NAVSUP Fleet Logistics Center Jacksonville Sailor Supports Navy Readiness

By Carol Williams, Office of Corporate Communications, NAVSUP Fleet Logistics Center Jacksonville

I did this, and I continue to do this proudly, for my nieces and nephews back home,” said Aviation Boatswain’s Mate (Fuels) 3rd Class Brandon Dericho, as he jumped into a towering yellow fuel truck to deliver 1,500 pounds of jet fuel to a waiting helicopter in Mayport, Florida. “The Navy has been very good to me – I’ve purchased a home, I’m able to provide for my wife and my son, and I know that the work I do every day has a purpose.” Dericho is a native of the Pine Hills neighborhood in Orlando, Florida, where his mom and dad worked and lived while raising him, along with his older brother and sister, for nearly four decades. The first in his family to join the military, he didn’t tell his parents about his plans until the night before he shipped out to Great Lakes, Illinois, for recruit training.

“I didn’t want my mom to be upset that I was leaving,” he said. “I was working as a firefighter and as a hazardous material (HAZMAT) technician, but I wanted to achieve more and be a role model for the younger generation in my family. I chose the aviation boatswain’s mate (fuels) (ABF) rate because the recruiter told me it was the closest rate to firefighting. I haven’t done much firefighting, but I chose the best rate in the Navy.”

ABF3 Dericho left, signals to an aircraft maintainer while delivering fuel. –photo by Carol Williams


In 2013, Dericho arrived at USS Bataan (LHD 5) in Norfolk, Virginia, as a brand new seaman and eager to learn. He quickly earned critical qualifications, including enlisted air and surface warfare pins, to support his shipboard division in providing fuel for a variety of aircraft, and completing two deployments to U.S. 5th and 6th Fleet areas of operation. In September 2018, Dericho transferred to shore duty at NAVSUP Fleet Logistics Center (FLC) Jacksonville, where he is a member of the fuels division for Naval Station Mayport.

In his daily duties, he provides fuel to three helicopter squadrons to support their mission requirements, as well as transient military aircraft that stop in Mayport for refueling. Last year, the fuels division team delivered more than 11.4 million pounds of fuel to various rotary and fixed-wing aircraft – an average in excess of 31,000 pounds per day.

Petty officer Dericho is quick to highlight the success of the team. “I’m the new guy here – I come to work each day ready to show them what I can do and how I can contribute to the team,” he said while refueling a helicopter during a “cold pump,” a refueling evolution in which the helicopter is not energized or turning rotors.

“The support I’ve received from this command has been incredible. I enjoy the job because I can see the impact we’re making on the mission every day. Without us, the birds don’t get off the ground.”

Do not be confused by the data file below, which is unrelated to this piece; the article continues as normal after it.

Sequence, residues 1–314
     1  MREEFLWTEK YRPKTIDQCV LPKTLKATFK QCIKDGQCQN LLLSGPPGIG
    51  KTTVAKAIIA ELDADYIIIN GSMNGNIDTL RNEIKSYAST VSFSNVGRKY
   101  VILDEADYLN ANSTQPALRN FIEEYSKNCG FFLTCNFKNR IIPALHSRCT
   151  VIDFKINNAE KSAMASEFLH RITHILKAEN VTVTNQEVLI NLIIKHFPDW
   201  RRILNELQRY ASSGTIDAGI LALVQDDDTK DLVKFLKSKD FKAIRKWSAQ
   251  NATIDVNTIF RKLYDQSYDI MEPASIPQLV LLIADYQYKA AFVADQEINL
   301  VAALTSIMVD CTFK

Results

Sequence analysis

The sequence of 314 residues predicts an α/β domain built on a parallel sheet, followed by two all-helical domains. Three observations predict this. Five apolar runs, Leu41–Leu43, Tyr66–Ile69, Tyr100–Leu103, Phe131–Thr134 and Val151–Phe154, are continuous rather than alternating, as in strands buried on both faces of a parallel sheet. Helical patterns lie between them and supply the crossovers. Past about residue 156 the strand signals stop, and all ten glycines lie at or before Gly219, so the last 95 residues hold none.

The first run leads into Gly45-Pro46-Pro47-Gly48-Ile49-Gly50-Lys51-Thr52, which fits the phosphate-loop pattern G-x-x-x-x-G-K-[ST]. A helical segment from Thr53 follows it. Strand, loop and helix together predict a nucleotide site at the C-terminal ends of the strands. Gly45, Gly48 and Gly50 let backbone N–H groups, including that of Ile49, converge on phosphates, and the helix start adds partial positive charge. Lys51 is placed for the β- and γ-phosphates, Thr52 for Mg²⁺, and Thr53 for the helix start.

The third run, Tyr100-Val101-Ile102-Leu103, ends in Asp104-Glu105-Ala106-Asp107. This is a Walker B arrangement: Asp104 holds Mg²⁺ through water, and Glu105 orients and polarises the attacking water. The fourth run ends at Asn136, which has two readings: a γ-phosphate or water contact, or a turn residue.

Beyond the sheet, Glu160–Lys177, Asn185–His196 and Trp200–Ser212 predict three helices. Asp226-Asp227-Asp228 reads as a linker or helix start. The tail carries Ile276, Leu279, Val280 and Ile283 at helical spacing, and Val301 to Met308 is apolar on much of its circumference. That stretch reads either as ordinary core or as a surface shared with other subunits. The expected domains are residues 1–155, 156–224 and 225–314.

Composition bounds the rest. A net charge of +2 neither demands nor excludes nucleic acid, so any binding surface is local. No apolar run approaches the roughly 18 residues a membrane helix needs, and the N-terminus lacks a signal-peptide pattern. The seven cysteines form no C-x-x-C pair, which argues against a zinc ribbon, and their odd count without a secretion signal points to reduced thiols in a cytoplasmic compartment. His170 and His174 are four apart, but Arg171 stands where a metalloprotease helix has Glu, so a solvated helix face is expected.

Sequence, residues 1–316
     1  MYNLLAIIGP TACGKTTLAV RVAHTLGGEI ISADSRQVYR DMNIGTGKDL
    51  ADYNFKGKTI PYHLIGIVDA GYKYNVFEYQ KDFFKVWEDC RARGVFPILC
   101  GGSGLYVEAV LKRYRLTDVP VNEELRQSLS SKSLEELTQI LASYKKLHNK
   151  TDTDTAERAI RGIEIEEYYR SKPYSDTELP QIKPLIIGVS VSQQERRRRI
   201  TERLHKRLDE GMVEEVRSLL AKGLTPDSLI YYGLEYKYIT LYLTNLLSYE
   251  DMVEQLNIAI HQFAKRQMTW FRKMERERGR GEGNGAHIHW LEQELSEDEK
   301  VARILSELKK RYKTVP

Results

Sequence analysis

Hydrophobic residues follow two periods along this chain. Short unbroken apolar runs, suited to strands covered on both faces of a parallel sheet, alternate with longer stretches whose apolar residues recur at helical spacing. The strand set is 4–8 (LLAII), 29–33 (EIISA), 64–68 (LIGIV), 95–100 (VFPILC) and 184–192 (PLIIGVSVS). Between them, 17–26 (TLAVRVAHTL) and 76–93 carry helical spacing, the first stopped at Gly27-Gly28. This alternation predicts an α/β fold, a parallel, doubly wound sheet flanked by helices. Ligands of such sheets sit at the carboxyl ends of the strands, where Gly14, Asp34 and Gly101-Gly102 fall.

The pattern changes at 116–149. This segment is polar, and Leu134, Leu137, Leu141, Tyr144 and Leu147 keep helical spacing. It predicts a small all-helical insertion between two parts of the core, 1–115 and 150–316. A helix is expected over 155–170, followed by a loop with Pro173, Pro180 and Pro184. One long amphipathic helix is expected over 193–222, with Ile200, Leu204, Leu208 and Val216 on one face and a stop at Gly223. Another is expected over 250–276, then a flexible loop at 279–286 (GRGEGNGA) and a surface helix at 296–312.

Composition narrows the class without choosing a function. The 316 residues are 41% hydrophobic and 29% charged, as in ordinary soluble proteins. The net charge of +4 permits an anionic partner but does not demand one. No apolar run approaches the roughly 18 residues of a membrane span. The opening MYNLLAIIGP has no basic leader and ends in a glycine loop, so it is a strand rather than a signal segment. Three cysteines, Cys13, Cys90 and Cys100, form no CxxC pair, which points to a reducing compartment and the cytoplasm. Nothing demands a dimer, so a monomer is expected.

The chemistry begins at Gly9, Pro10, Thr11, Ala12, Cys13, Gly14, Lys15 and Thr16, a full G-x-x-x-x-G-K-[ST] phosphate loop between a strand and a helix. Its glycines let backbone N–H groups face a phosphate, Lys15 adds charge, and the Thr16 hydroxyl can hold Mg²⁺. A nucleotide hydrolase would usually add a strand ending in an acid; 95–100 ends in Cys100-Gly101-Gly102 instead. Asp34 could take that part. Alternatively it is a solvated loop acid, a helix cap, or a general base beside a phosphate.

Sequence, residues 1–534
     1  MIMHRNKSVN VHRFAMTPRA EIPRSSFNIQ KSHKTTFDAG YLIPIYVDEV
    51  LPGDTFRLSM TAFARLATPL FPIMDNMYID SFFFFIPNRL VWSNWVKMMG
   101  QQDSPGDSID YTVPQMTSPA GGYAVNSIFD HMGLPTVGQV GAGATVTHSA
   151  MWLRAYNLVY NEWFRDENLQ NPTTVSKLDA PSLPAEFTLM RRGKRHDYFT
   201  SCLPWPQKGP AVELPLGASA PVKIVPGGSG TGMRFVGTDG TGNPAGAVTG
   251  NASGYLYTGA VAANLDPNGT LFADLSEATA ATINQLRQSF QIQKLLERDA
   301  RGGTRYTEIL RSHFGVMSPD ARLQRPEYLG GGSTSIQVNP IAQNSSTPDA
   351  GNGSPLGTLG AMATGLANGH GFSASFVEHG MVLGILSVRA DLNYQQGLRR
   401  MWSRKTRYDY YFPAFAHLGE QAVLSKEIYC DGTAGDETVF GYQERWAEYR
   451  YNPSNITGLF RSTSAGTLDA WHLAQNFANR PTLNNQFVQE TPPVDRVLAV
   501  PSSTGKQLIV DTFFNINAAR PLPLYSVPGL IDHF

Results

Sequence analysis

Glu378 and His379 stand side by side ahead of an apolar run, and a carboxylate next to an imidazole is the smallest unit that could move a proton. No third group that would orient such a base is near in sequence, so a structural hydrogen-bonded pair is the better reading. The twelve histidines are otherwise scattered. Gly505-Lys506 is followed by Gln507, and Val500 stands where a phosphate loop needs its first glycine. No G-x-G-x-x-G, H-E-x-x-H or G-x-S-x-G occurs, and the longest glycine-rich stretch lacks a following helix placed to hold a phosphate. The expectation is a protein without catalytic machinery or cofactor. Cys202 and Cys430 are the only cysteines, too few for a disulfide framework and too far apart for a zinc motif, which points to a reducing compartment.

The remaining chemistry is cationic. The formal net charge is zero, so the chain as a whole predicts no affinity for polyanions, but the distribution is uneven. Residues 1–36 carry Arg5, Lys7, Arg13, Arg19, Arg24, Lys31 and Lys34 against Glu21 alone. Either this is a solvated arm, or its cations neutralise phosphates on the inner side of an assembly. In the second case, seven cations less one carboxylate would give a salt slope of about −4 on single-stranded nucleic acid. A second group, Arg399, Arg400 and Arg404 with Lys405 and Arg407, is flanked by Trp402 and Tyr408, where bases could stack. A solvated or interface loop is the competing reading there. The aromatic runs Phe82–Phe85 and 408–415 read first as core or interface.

Mission readiness is a key initiative for the most-senior levels of Navy leadership, emphasizing the importance of leveraging assets and personnel to accomplish the mission in the most effective way possible. Sailors like Dericho maintain high operational tempo on ships, where they don purple helmets (‘cranials’) and vests and are affectionately known simply as “grapes.” Supporting the rigorous flight schedule, both at sea and ashore, is critical for ensuring the aircraft and pilots can carry out their duties safely, which is of paramount importance.

“Every step of the refueling process is completed with safety at the forefront,” said Aviation Boatswain’s Mate (Fuels) Senior Chief Petty Officer Keith Johnson, the senior enlisted leader for the division. “We’re working with highly flammable substances, dangerous heavy machinery, and HAZMAT. We must get it right, each and every time, to ensure the men and women in the aircraft have what they need to get the job done.”

NAVSUP FLC Jacksonville provides fueling support in 18 locations throughout the Southeastern United States, from Florida to Texas. Sailors like petty officer Dericho are responsible for ensuring proper fuel integrity, sanitation and safety practices are employed while delivering fuel to waiting military aircraft, often with just a moment’s notice.

“A good ABF will be willing to learn from others. The Navy has been full of challenges and triumphs so far. The best advice I’ve ever received is to stay humble, and learn all that I can. That’s my goal when I come to work each day.”

When not in uniform, Dericho spends time with his wife and young son, plays football and basketball, and is an avid gamer who regularly competes in tournaments to showcase his skills. He’s also enrolled in the local community college, where he hopes to earn a degree in education, with plans to become a middle or high school teacher after completing his Navy career.

Spring 2019